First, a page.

6 ways to explore your hometown
Why go out of town this summer when you probably haven't taken advantage of everything your own hometown has to offer? Discovering the hidden gems in your city can be a fun adventure for you and your family.
You can start by searching the internet, visiting your city's webpage or contacting your local chamber of commerce. Here are some ideas of things to explore in your hometown.
Parks and Recreation. You probably know every swing, slide and jungle gym in your neighborhood park. However, have you been to all the parks in town? You may be surprised by what they offer. Some may have different playscapes. Others might have hiking and bike trails. Many provide facilities for sports like basketball, tennis, skateboarding or horseshoes.
Most cities' parks and recreation department offers classes to the public. You can find almost anything that fits your interests, from yoga to dance to cooking.
Arts. Discover the museums in your area. Most towns have a museum dedicated to local history. Some museums have hands-on activities for children. Look for unusual museums. For example, I discovered a Victorian Bridal Museum in our town.
Colleges and universities often have art exhibits, plays, and symphony performances available to the public. Look up your city's arts association for local exhibits or classes.
When my husband and I were newlyweds, I was still working on my degree. Since I was taking French classes, I had a student pass to the university's foreign film festival. Some of the movies were cheesy; some were hilarious; others were exceptional. It was a fun and unique date night for us at a time when finances were tight.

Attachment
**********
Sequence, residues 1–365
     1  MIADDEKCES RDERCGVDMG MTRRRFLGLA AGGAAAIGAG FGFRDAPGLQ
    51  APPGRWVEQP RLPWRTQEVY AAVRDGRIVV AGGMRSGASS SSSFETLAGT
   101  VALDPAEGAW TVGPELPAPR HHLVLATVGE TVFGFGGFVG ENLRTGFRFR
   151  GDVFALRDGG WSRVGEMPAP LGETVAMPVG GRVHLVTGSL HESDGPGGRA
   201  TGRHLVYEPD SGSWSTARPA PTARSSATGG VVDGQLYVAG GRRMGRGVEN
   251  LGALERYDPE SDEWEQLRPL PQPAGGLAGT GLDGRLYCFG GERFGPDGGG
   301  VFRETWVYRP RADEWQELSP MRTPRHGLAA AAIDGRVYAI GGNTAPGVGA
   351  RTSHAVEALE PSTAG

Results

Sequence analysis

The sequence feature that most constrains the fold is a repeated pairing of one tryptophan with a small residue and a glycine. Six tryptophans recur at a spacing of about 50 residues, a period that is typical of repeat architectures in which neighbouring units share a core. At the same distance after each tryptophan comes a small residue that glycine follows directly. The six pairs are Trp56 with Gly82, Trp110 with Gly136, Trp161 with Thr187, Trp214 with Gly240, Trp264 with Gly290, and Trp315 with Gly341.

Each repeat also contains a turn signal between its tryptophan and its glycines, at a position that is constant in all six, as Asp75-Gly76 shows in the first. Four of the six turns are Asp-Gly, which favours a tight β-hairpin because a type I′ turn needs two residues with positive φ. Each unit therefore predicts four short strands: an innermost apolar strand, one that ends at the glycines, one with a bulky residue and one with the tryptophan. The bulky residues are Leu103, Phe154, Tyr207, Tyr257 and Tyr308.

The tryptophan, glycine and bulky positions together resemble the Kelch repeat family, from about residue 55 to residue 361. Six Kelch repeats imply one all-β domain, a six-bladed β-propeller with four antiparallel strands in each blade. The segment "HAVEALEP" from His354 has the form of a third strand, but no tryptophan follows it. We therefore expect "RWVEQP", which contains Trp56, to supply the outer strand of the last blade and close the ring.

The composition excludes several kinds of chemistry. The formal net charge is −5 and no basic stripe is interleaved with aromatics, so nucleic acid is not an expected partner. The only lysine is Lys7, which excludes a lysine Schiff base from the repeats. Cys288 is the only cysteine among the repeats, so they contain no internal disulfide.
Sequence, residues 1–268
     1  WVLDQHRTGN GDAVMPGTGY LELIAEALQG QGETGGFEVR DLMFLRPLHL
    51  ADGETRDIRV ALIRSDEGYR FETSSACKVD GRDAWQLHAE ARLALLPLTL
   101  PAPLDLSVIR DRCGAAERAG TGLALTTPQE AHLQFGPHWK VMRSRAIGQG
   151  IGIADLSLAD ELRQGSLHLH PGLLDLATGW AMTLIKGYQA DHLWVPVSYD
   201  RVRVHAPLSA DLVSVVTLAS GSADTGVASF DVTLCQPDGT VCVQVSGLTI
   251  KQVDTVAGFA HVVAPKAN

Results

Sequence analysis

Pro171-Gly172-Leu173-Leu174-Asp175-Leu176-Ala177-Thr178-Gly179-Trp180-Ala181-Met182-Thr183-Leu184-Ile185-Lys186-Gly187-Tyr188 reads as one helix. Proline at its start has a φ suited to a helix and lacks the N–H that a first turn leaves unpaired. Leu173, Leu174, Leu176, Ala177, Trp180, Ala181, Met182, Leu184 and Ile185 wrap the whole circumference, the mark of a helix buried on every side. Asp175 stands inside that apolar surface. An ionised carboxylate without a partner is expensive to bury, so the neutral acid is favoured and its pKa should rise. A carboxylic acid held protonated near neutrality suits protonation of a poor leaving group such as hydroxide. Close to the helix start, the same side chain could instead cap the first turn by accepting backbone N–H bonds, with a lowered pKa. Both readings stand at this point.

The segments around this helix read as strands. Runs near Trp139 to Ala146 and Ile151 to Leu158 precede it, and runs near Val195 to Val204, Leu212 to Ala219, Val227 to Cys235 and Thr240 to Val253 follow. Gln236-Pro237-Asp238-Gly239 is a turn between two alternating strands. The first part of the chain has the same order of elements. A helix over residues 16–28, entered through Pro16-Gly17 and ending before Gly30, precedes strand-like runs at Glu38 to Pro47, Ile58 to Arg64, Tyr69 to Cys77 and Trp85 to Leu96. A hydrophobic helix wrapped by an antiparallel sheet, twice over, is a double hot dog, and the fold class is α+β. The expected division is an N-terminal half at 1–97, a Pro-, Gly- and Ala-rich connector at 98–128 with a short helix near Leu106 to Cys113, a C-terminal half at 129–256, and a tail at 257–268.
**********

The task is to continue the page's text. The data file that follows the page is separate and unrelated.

Library. If you have kids, then you probably already know about the programs your library offers over the summer. Our local library provides reading incentives, movie nights and crafts. It also invites entertaining guests such as a mime, a magician, and the snake lady.
Your local library may have adult programs, as well. It might sponsor a book club or host genealogy classes. Check with your librarian for the options available to you.
Farmer's market. A farmer's market can provide delicious local food. It will often have other vendors hosting booths for gift shopping. Sometimes, your town might combine a farmer's market with a street fair offering live music and entertainment.
Local businesses. It can be fun to go to a pet store to play with the puppies or visit your local ice creamery for a cooling treat. Some businesses offer classes that you can attend to learn a new skill or create something. Both Home Depot and Lowe's have DIY clinics for both children and adults. Michael's Arts and Crafts stores also has classes for various crafts.
Field trip. For fun and a little education, plan a field trip. Some local businesses will allow you to take a tour if you call in advance. Visit a zoo or botanical garden in your area. The police department and fire stations usually have a presentation available for field trips. To find suggestions in your hometown, try Field Trip Finder.
Several years ago, when I homeschooled my children we went on many fun field trips. We visited a farm where we picked our own strawberries. We toured Cold Stone Creamery, where we not only learned how ice cream is made, but also received free ice cream at the end. We explored the tide pools at a local beach. It was a fun way to enjoy hands-on learning experiences.
If you're looking for adventure, you don't have to go far. You can find exciting new activities right outside your front door.